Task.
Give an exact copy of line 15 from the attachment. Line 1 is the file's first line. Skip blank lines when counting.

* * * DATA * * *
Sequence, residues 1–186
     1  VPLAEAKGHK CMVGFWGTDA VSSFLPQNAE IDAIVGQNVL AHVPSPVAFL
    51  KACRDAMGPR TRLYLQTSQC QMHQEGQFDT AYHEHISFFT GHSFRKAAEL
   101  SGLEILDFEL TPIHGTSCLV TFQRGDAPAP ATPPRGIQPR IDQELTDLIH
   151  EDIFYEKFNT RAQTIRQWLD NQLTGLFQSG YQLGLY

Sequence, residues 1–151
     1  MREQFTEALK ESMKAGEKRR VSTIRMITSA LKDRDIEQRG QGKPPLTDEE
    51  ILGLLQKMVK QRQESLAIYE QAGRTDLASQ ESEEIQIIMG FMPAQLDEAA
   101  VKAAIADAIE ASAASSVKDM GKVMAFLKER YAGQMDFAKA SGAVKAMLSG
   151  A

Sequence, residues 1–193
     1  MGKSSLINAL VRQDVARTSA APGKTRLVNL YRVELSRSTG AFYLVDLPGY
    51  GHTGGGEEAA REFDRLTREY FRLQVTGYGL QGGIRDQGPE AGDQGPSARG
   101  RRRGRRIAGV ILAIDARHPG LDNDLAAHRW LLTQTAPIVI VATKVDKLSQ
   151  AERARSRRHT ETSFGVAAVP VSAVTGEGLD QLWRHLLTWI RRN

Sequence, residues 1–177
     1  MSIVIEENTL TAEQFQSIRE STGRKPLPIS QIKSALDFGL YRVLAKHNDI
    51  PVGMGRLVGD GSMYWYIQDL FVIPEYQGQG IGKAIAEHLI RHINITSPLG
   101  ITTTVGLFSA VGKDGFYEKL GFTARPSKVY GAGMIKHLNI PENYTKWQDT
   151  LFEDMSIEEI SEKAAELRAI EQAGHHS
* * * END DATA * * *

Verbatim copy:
   151  AERARSRRHT ETSFGVAAVP VSAVTGEGLD QLWRHLLTWI RRN